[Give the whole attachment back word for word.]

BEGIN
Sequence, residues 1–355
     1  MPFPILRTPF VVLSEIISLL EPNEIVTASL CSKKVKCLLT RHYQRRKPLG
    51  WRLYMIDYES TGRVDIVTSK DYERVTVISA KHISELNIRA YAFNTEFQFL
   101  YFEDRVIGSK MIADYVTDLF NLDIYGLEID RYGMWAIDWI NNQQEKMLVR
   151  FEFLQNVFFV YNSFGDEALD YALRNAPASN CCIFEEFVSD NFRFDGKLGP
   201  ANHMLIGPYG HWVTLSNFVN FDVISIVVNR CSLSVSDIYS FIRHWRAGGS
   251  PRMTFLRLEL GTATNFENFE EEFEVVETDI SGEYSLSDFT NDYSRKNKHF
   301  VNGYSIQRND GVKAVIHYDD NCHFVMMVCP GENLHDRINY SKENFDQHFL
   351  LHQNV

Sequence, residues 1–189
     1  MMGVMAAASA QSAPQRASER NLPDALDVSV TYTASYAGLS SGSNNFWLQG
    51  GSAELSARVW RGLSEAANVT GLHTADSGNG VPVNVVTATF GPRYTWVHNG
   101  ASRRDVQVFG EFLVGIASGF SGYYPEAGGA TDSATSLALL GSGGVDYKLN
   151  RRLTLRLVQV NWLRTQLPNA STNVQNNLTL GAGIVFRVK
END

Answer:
Sequence, residues 1–355
     1  MPFPILRTPF VVLSEIISLL EPNEIVTASL CSKKVKCLLT RHYQRRKPLG
    51  WRLYMIDYES TGRVDIVTSK DYERVTVISA KHISELNIRA YAFNTEFQFL
   101  YFEDRVIGSK MIADYVTDLF NLDIYGLEID RYGMWAIDWI NNQQEKMLVR
   151  FEFLQNVFFV YNSFGDEALD YALRNAPASN CCIFEEFVSD NFRFDGKLGP
   201  ANHMLIGPYG HWVTLSNFVN FDVISIVVNR CSLSVSDIYS FIRHWRAGGS
   251  PRMTFLRLEL GTATNFENFE EEFEVVETDI SGEYSLSDFT NDYSRKNKHF
   301  VNGYSIQRND GVKAVIHYDD NCHFVMMVCP GENLHDRINY SKENFDQHFL
   351  LHQNV

Sequence, residues 1–189
     1  MMGVMAAASA QSAPQRASER NLPDALDVSV TYTASYAGLS SGSNNFWLQG
    51  GSAELSARVW RGLSEAANVT GLHTADSGNG VPVNVVTATF GPRYTWVHNG
   101  ASRRDVQVFG EFLVGIASGF SGYYPEAGGA TDSATSLALL GSGGVDYKLN
   151  RRLTLRLVQV NWLRTQLPNA STNVQNNLTL GAGIVFRVK